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Whether feelings correspond to positive or negative ranges of homeostasis, the varied chemical signaling involved in their processing and the accompanying visceral states have the power to alter the regular mental flow, subtly and not so subtly. Attention, learning, recall, and imagination can be disrupted and the approach to tasks and situations, trivial and not, disturbed. It is often difficult to ignore the mental perturbation caused by emotional feelings, especially in regard to the negative variety, but even the positive feelings of peaceful, harmonious existence prefer not to be ignored.

The roots for the alignment between life processes and quality of feeling can be traced to the workings of homeostasis within the common ancestors to endocrine systems, immune systems, and nervous systems. They go back in the mists of early life. The part of the nervous system responsible for surveying and responding to the interior, especially the old interior, has always worked cooperatively with the immune and endocrine systems within that same interior.

When a wound occurs, caused, for example, by an internally originated disease process or by an external cut, the usual result is an experience of pain. In the former case, the pain results from signals conveyed by old, unmyelinated C nerve fibers, and its localization can be vague; in the latter case, it uses myelinated fibers that are evolutionarily more recent and that contribute to a sharp and well-localized pain.

Even humble nervous systems probably allow some measure of feeling.

However, the feeling of pain, vague or sharp, is only a part of what actually goes on in the organism and, from an evolutionary point of view, the most recent part of it. What else goes on? What constitutes the hidden part of the process?

The answer is that both immune and neural responses are engaged locally by the wound. These responses include inflammatory changes such as local vasodilation and a surge of leucocytes (white blood cells) toward the area. The leucocytes are called for to assist in combating or preventing infection and removing the debris of damaged tissue. They do the latter by engaging in phagocytosis—surrounding, incorporating, and destroying pathogens—and the former by releasing certain molecules. An evolutionarily old molecule—proenkephalin, an ancestral molecule and the first of its kind—can be cleaved, resulting in two active compounds that are released locally.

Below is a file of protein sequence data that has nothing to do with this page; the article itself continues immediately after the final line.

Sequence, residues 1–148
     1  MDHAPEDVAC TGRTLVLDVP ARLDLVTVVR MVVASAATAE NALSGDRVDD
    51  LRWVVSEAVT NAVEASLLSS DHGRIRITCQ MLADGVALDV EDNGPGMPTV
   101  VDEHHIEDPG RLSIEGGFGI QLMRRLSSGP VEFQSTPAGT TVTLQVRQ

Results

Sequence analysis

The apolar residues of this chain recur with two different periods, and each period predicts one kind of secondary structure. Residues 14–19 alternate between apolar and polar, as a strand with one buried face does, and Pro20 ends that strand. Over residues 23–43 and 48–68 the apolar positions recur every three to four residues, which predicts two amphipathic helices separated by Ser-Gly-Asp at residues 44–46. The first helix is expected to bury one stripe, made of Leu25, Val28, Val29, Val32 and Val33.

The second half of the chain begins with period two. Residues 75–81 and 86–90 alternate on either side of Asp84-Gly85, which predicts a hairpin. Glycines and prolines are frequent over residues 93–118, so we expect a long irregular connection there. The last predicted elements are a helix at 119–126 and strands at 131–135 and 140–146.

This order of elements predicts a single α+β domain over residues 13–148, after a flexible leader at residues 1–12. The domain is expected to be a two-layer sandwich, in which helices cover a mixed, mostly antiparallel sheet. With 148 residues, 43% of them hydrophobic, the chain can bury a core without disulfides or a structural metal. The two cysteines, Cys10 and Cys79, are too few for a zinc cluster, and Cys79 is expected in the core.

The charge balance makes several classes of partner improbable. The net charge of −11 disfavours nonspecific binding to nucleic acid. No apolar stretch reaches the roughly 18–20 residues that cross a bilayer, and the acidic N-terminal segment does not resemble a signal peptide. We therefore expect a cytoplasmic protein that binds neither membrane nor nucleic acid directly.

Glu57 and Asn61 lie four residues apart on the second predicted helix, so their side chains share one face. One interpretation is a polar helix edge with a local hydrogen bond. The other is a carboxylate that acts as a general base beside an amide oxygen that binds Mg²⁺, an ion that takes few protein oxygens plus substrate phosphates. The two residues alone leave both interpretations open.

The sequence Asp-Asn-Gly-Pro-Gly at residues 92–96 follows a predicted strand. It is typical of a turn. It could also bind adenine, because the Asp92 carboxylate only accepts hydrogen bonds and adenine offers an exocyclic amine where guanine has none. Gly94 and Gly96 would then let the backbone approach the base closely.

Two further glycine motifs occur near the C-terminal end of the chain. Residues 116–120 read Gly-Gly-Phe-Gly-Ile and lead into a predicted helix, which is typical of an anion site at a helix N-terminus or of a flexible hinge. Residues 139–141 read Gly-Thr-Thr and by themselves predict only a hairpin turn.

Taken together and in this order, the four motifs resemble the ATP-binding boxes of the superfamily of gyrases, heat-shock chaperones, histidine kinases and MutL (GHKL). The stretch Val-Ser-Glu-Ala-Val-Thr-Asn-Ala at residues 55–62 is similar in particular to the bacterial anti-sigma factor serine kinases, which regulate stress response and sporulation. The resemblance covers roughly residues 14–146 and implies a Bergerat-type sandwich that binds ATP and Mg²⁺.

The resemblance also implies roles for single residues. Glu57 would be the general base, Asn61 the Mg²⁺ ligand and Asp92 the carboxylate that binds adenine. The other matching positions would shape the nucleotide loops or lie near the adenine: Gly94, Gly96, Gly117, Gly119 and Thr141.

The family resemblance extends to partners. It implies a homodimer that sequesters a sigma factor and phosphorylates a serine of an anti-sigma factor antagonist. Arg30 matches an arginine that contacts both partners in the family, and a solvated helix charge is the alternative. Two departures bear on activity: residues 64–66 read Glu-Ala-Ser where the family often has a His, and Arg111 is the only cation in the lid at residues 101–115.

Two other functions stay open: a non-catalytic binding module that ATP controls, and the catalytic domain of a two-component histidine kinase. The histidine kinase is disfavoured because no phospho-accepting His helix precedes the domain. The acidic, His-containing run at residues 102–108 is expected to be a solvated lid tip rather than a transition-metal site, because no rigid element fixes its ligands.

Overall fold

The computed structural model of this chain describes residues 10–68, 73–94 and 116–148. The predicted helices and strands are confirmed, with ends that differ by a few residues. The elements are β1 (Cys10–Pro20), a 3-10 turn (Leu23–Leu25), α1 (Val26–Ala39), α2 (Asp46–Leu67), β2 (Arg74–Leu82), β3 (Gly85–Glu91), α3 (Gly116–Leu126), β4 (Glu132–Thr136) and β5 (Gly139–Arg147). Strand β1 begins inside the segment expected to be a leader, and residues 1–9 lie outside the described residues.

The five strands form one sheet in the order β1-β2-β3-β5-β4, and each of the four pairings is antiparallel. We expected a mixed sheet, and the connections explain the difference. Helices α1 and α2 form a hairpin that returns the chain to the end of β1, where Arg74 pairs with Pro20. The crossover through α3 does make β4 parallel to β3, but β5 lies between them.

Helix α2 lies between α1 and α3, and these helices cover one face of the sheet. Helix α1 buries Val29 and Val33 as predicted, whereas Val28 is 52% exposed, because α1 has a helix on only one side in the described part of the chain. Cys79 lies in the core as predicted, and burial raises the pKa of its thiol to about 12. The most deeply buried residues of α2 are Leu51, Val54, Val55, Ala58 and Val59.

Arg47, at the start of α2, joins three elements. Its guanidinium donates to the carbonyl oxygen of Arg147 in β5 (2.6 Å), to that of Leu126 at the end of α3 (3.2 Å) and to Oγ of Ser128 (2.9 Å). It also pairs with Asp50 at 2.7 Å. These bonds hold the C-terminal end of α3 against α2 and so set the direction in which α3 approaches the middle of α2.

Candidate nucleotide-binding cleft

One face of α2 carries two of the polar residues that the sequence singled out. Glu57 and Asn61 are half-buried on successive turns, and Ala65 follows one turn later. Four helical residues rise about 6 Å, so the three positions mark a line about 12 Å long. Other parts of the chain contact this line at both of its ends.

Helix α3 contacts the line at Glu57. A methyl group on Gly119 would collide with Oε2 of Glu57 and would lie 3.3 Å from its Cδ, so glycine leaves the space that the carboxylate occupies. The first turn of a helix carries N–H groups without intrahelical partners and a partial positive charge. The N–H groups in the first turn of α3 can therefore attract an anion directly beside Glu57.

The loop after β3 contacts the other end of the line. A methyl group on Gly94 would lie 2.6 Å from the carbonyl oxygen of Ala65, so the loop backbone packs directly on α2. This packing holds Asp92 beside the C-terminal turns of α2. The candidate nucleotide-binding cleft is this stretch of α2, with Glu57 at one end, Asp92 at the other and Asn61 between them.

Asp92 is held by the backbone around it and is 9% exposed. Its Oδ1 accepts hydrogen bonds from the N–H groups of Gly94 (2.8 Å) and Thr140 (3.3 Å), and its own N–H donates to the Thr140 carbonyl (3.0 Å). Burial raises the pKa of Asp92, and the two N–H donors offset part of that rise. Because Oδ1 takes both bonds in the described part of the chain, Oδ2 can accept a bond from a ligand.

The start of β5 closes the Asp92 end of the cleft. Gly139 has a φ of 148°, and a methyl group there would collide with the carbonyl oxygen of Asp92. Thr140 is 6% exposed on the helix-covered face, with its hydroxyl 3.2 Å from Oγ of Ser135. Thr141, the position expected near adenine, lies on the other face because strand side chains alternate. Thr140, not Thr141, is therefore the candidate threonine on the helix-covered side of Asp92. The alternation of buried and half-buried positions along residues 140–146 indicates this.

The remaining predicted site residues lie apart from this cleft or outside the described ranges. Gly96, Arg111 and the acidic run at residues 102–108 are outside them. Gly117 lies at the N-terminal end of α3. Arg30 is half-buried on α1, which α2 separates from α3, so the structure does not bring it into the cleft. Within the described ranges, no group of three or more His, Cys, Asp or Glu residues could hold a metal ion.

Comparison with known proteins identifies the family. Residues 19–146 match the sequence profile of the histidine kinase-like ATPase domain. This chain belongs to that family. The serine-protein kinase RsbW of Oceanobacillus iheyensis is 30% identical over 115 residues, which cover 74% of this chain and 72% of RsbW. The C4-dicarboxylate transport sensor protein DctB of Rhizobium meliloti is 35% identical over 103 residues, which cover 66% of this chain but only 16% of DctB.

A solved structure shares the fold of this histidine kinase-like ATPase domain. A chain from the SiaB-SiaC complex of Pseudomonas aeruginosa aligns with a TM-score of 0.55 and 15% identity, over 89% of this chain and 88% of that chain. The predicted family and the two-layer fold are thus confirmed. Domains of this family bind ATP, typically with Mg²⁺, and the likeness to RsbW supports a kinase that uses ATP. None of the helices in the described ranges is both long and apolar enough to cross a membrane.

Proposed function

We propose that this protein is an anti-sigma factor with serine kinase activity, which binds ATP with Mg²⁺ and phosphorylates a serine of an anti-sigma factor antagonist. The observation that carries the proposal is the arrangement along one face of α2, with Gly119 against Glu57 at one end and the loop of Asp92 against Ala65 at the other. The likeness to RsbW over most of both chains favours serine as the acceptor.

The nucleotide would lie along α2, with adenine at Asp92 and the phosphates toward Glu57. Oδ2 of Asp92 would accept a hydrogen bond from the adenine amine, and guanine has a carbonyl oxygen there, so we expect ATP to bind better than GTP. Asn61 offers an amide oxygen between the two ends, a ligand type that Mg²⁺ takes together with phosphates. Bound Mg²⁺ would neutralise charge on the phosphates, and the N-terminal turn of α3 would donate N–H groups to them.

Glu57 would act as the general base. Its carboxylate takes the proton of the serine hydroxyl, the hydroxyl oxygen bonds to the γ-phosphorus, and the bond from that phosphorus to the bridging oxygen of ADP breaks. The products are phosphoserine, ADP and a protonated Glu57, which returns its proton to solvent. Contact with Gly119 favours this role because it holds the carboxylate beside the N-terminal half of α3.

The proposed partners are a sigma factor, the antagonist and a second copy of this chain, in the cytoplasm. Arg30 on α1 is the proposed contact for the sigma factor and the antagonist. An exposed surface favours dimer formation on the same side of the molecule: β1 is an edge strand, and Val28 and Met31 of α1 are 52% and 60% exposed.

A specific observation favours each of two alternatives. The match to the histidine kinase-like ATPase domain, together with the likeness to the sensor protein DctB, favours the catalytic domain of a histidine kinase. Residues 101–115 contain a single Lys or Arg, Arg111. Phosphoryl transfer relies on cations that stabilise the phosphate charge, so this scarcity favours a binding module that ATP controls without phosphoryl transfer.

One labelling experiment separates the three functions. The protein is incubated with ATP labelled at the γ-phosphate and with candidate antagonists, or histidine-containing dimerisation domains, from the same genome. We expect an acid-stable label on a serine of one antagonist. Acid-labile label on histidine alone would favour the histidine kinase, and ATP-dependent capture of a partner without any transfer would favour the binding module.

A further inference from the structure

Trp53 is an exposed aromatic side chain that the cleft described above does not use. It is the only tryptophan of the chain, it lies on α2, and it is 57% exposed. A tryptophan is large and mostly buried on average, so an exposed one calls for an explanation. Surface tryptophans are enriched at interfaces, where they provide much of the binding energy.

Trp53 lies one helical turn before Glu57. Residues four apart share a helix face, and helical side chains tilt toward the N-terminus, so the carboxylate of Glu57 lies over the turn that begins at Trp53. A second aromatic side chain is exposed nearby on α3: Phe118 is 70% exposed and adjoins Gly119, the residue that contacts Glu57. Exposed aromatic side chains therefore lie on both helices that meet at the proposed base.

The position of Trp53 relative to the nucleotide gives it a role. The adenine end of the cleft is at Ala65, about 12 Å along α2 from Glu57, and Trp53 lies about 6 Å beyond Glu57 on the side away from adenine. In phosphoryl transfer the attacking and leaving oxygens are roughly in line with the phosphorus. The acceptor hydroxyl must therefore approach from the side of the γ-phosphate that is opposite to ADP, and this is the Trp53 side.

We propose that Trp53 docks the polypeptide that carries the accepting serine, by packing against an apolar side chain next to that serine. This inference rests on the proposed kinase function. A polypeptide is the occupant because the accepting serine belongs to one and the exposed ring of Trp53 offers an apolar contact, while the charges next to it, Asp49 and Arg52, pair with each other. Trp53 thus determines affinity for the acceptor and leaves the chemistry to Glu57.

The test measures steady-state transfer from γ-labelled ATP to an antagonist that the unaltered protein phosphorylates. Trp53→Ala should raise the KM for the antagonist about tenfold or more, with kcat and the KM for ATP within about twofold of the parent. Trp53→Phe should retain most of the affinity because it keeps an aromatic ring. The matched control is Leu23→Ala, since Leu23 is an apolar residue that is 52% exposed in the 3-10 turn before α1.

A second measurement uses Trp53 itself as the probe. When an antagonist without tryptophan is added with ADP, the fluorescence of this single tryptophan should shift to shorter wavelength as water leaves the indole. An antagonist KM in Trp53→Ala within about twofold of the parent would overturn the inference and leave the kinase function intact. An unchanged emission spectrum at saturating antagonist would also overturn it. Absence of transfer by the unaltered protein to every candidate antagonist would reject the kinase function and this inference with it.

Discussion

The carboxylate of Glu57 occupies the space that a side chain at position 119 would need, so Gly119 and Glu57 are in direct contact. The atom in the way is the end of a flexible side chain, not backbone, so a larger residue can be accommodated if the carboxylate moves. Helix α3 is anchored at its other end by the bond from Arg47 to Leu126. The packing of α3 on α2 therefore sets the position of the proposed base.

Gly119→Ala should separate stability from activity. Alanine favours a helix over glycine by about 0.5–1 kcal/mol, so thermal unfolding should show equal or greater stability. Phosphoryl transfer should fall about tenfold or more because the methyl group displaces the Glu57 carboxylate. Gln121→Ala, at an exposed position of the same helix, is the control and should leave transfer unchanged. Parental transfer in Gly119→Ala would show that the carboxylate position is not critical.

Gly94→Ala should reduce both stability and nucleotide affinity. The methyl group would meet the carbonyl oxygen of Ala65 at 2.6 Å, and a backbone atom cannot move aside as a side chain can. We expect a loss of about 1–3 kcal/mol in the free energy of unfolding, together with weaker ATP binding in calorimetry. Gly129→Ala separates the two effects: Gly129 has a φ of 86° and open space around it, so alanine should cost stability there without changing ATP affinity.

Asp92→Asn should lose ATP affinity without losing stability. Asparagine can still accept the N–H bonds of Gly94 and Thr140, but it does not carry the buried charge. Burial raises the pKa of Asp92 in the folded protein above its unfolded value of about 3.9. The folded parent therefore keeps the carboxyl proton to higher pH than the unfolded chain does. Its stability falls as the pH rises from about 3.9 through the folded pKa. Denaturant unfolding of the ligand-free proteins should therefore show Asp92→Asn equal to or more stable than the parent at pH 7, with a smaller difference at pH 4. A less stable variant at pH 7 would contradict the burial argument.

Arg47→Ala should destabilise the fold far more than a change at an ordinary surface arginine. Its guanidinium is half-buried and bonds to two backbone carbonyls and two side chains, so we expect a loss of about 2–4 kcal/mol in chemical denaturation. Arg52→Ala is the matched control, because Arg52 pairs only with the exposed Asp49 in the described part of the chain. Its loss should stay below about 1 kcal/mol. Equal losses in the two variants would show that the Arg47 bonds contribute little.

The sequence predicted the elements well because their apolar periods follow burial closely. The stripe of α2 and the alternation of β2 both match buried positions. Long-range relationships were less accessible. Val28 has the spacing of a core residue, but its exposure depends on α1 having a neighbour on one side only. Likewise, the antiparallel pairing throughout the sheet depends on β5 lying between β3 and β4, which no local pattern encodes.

One compound is an antibacterial agent; the other is an analgesic opioid that will act on a special class of opioid receptors—the δ class—located in the peripheral nerve terminals present at the site. The many signs of local disruption and reconfiguration of the state of the flesh are made locally available to the nervous system and gradually mapped, thus contributing their part to the multilayered substrate of the feeling of pain. But simultaneously, the local release and uptake of the opioid molecule helps numb the pain and reduces inflammation. Thanks to this neuro-immune cooperation, homeostasis is hard at work attempting to protect us from infection and trying to minimize the inconvenience, too.

But there is more to tell. The wound provokes an emotive response that engages its own suite of actions; for example, a muscular contraction that one might describe as flinching. Such responses and the ensuing altered configuration of the organism are also mapped and thus “imaged” by the nervous system as part of the same event. Creating images for the motor reaction helps guarantee that the situation does not go unnoticed. Curiously, such motor responses appeared in evolution long before there were nervous systems. Simple organisms recoil, cower, and fight when the integrity of their body is compromised.


In brief, the package of reactions to a wound that I have been describing for humans—antibacterial and analgesic chemicals, flinching and evading actions—is an ancient and well-structured response resulting from interactions of the body proper and the nervous system. Later in evolution, after organisms with nervous systems were able to map non-neural events, the components of this complex response were imageable. The mental experience we call “feeling pain” is based on this multidimensional image.